Ideology and Science in Residential Wood Heating
It’s tempting to think that the best technological innovations gradually spread across the globe, as evidence of the improvement spreads.
In the case of residential wood and pellet heating, however, some innovation spreads, and some is spurned. One of America’s greatest claims to fame in this sector is the invention of the pellet stove in Washington State in the 1970s and ‘80s. The pellet stove is an example of a technology that was readily adopted by European countries that have now overtaken us in R&D, production and deployment. The U.S. now imports most of its pellet boilers from Europe, as our innovation and production has lagged.
In the case of pellet stoves and boilers, the more rapid uptake in Europe has a pretty simple explanation: the higher cost of fossil fuels makes renewable technology far more affordable, even without government subsidies. A million Americans heat their homes with pellet stoves, fewer than the number of homes in Italy. But is this just because our fossil fuel prices are low? Or does ideology also play a role?
Let’s look at another example. If you asked the average American who the greatest inventor of stove technology in the U.S. was, they would likely say Ben Franklin, who came out with the Franklin stove in the 1770s. This shows the power of myth, which has little basis in reality. Franklin’s “innovation” didn’t spread to Europe, because virtually the entire continent had surpassed that level of heating technology decades earlier.
Franklin did not even invent a stove. He improved the fireplace, and later innovators added a door to his design, which significantly increased efficiency and turned it into a stove. So why does he get so much credit? Much can be explained by the fact that ideology can often trump science. Franklin knew that far higher efficiencies could be achieved by adding a door to his fireplace, but he came from an Anglican tradition that valued seeing the flames, and he believed that an open flame fire was good for health. He vigorously opposed the Germanic tradition of closing the firebox, even though closed fireboxes used far less wood, and were badly needed by lower-income families who not afford 20 to 30 cords of wood each winter like he could.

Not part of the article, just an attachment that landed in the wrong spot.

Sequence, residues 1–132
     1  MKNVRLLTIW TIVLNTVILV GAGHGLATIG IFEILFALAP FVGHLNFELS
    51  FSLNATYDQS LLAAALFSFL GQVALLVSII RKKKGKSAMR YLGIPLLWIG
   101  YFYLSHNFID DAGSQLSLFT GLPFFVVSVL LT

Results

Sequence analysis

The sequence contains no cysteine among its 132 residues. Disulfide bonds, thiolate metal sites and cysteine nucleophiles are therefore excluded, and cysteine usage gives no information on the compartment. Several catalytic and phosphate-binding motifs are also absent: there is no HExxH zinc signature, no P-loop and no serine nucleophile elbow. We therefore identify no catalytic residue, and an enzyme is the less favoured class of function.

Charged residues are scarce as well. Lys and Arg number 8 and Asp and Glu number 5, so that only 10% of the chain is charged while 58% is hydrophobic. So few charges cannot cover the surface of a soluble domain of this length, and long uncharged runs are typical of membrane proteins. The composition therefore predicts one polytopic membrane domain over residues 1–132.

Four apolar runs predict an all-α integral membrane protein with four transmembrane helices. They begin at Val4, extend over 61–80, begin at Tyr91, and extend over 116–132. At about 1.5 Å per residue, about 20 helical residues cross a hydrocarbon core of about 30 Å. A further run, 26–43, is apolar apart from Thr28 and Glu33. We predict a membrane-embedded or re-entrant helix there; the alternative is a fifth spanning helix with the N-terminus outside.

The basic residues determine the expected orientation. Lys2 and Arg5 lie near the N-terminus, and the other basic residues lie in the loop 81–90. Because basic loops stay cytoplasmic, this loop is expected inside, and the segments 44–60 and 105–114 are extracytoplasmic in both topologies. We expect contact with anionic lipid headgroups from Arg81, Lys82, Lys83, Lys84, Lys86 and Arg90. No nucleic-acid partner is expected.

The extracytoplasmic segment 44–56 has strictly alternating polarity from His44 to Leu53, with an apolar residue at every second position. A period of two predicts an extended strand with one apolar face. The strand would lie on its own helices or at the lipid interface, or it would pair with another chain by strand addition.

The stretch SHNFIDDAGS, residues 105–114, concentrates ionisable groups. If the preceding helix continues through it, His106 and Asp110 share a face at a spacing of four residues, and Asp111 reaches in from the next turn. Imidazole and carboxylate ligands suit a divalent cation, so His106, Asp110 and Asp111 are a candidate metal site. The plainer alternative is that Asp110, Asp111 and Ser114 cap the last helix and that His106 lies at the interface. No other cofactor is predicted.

Ben Franklin’s America was one full of immigrants who often banded together to promote their own cultural beliefs, and the technological knowledge that they brought from their homelands. In many cases, America was the place where innovation could flourish, freed from the stifling ancient traditions of Europe. To this day, one reason high-efficiency designs have not caught on in America is that we have such abundant wood supplies. But it’s also because some technology does not get adopted, even when it makes all the sense in the world.
In Europe, high-efficiency and low-emission masonry and tile stoves were becoming widespread in the 1800s. Why didn’t the culture of masonry stoves cross the pond to the U.S.? Was it just the abundance of wood in the New World compared to Europe? One expert believes that the highly skilled masons who made these stoves were in such demand in Europe that virtually none immigrated to the U.S. To this day, masonry stoves occupy a small niche among energy experts and green builders. Their demand is small enough that the U.S. EPA couldn’t justify the resources to establish a certification program, hindering their sale in some states. The Masonry Heater Association has been begging to be regulated, and is finally in the process.
Today, mostly as a result of EPA regulations, many American wood stoves are some of the most efficient and cleanest in the world. These regulations require emission control systems that are not as strictly required in most other countries. But while our stove industry continues to improve stove technology, some companies exploit loopholes and unregulated areas, giving rise to a generation of terribly polluting outdoor wood boilers and exempt, unregulated wood stoves.
Ideology may again be one of the greatest threats to residential wood heating, and all renewables. If the Trump administration undermines renewable energy policies, there may be less momentum to make our stoves even cleaner and more efficient. Other countries are investing in the future, in cleaner and more efficient renewable technology, including high-efficiency stoves and boilers. If the Trump administration bets on the past—coal and other fossil fuels—our country will be left behind.
States can pick up some of the slack, but effective national emission regulations are good for industry, consumers and the environment. Many states are committed to advancing pellet stove and boiler technology, particularly the Northeast. But will that be enough to help the U.S. pellet stove and boiler community build the infrastructure necessary for this technology to take off?
Author: John Ackerly
President, Alliance for Green Heat